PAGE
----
Being a digital native, Connectivism has always played a large role not just in how I develop and facilitate curriculum – but also in my own personal learning experiences. For example, when I was a 14-year-old middle school student, I wanted to build my own website so I used Connectivism to teach myself how to read and write HTML code.

I was in middle school during the height of the first Dot Com Boom, and I just knew this “World Wide Web” stuff was important. I wanted to master HTML and web design – and maybe even start my first business – by building websites for myself and my friends. I started by using the search engine, which was called Ask Jeeves back then, to search for HTML tutorials for beginners. Eventually, that led me to the excellent website,, which features a variety of hands-on tutorials for teaching yourself to read and write HTML, JavaScript, and more – all while you build working webpages.

In this way, I used various different digital tools to seek out information on the Internet from a variety of places. And I didn’t stop there. While reading the information displayed in each tutorial, I simultaneously typed the code in Notepad as instructed. As I followed along, I also compared my code to the visual images that were included in each tutorial. By testing my code in the Internet Explorer browser, which was the gold standard back then, I was able to instantly verify that my code was working. This was another way I used a diverse variety of digital tools (specifically, the Internet, a tutorial website, a web browser, and Notepad) to learn something new.

When I stumbled across a problem, such as broken code, I learned to troubleshoot and quality check my code. I also learned the important skill of searching the internet for help. By pulling information from multiple different resources, including various websites, search engines, and online forums or other communities, I was able to slowly piece together a working knowledge of web design and development. Of course, not all online resources are accurate. I had to learn good decision-making skills to discern which “advice” I should follow and to determine which tutorial websites were the best for what I was trying to achieve.

My social and cultural influences also played a role in my learning. I was friends with lots of teenage boys who were gamers, web developers, and what you might call “computer fanatics.” This social circle was extremely helpful to me as they supported my decision to learn to code, shared tips, tricks and resources, and assisted with quality checking my code when it needed debugging. These experiences allowed me to gain a mastery of HTML that I was able to build upon for decades to come, and also introduced me to JavaScript, which I now use in my curriculum development and instructional design role.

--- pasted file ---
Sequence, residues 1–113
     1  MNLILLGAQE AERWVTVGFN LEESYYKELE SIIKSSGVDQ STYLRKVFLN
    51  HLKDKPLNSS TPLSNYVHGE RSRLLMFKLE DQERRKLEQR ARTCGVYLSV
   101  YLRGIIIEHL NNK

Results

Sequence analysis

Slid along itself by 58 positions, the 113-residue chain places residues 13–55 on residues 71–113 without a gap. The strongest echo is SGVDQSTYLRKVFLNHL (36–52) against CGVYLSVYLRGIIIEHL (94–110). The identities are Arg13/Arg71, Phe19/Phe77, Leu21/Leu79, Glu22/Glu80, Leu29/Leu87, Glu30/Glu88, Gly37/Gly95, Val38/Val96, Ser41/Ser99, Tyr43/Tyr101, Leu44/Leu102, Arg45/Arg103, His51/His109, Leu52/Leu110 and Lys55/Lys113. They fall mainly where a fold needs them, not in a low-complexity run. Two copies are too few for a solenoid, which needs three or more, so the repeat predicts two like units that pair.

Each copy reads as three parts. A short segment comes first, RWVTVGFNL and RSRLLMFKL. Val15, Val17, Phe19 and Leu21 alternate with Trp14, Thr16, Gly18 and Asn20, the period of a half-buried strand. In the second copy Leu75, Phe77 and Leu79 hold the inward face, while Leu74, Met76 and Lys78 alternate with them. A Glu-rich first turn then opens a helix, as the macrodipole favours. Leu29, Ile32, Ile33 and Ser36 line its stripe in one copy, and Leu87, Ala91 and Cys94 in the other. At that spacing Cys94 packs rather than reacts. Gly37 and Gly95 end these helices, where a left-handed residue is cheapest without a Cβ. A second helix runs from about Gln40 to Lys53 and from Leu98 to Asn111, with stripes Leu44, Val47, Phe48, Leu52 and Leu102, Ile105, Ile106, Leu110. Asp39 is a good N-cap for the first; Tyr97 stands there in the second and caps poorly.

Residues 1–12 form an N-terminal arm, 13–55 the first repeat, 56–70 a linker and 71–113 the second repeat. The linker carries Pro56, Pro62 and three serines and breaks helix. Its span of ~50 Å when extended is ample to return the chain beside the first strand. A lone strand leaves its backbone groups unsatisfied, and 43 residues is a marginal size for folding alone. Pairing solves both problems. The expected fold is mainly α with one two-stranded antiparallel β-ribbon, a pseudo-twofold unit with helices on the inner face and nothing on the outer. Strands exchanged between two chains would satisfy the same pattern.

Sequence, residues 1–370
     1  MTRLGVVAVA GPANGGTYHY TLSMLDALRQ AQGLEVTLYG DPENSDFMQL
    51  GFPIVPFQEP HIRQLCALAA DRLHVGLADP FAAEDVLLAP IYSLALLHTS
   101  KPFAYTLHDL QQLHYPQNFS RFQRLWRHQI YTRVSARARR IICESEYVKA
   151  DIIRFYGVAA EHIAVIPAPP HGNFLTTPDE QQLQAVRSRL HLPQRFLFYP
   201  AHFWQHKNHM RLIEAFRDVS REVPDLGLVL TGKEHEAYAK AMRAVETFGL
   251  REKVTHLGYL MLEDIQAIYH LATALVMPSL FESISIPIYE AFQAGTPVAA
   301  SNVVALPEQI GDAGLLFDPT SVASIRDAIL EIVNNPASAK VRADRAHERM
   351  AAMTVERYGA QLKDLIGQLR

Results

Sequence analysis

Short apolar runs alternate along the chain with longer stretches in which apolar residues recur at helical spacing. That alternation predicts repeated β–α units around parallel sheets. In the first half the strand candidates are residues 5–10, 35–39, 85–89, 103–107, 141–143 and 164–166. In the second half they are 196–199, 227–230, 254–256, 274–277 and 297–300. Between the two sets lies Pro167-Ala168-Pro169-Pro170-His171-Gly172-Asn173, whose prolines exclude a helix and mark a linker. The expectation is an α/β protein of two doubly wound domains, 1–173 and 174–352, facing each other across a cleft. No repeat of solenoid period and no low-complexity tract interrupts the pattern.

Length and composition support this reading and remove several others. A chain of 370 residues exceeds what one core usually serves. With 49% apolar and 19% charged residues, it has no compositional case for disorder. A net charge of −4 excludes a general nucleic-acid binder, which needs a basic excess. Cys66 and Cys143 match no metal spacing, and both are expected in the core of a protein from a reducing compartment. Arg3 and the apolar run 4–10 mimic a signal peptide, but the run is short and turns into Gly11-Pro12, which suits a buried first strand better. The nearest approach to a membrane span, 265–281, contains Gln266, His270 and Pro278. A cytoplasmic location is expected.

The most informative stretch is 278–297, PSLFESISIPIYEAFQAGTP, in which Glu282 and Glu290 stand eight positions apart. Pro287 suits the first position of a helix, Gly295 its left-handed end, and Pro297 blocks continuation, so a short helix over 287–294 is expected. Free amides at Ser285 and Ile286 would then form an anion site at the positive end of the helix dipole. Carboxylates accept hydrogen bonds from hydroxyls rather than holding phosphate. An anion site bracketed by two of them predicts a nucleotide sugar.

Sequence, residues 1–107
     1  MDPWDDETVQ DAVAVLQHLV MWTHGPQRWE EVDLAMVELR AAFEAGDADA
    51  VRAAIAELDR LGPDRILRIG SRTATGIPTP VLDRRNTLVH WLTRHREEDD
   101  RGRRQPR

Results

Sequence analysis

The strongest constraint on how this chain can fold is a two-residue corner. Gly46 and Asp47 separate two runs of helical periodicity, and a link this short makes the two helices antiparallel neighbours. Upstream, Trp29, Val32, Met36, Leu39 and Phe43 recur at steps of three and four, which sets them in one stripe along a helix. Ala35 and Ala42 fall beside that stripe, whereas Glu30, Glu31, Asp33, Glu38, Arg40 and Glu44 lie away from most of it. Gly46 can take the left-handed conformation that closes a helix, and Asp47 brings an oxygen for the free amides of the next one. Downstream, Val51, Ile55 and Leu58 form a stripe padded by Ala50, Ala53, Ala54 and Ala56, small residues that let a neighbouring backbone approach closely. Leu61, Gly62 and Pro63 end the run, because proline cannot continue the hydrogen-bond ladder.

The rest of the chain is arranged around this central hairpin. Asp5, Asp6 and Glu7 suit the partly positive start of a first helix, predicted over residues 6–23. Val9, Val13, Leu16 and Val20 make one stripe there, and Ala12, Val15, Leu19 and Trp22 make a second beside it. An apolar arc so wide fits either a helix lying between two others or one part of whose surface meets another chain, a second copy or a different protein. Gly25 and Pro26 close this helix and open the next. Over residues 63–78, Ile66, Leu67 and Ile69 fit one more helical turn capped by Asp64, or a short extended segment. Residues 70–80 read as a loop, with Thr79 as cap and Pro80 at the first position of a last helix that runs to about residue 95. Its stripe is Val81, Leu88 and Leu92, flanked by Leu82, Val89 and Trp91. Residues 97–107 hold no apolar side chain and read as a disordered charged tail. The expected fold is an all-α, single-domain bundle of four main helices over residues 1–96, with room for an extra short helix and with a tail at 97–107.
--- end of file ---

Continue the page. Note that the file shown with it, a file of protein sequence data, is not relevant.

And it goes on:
Today, with modern resources such as in-person coding workshops (which were unavailable to me as a middle school girl in Kentucky decades ago), YouTube video tutorials, podcasts, conferences, and a variety of social media learning tools and eLearning or MOOC websites, I would have an even greater opportunity to put Connectivism to work for teaching myself to code. Throughout my career in adulthood, I have been a lifelong learner using Connectivism and digital media to further my own learning experiences.

Through the Cognitivist Lens:

The scenario listed above was not purely Connectivist; it also has some elements of Cognitivism. For instance, the tutorial websites I looked at took cognitive load into account. Lessons were broken into smaller segments so I could pick up the technical information with ease. The tutorial images, such as screenshots, were placed beside the corresponding text to improve clarity and avoid any confusion. Non-essential information was omitted from the tutorials.

At the time, I recall the website being laid out in a way that reduced cognitive load. However, that was the mid-1990s and, as we all know, the look and feel of the internet in general was a bit of a mess overall back then. I’m sure if I were to go back in a time machine to take a look at the 1997 version of, it would be overwhelming and I would feel overloaded by the design and layout. (The current layout of the website is not very clean or modern, but the information architecture is at least organized in a way that I can easily find what I am looking for within a few seconds. Of course, my perceptions of the website today are shaped in part by my own history and knowledge, as well as my own cultural and social background.)

I had an internal motivation to acquire this knowledge and I used my social network of people familiar with web design to assist me with the learning process. taught the content in small chunks, making the information easier to absorb for a newcomer like myself. Courses were set up in a way that I could read the instructions and then try for myself. As I did this over and over, I built a level of self efficacy and grew to master the content, becoming motivated to learn more and more about this topic.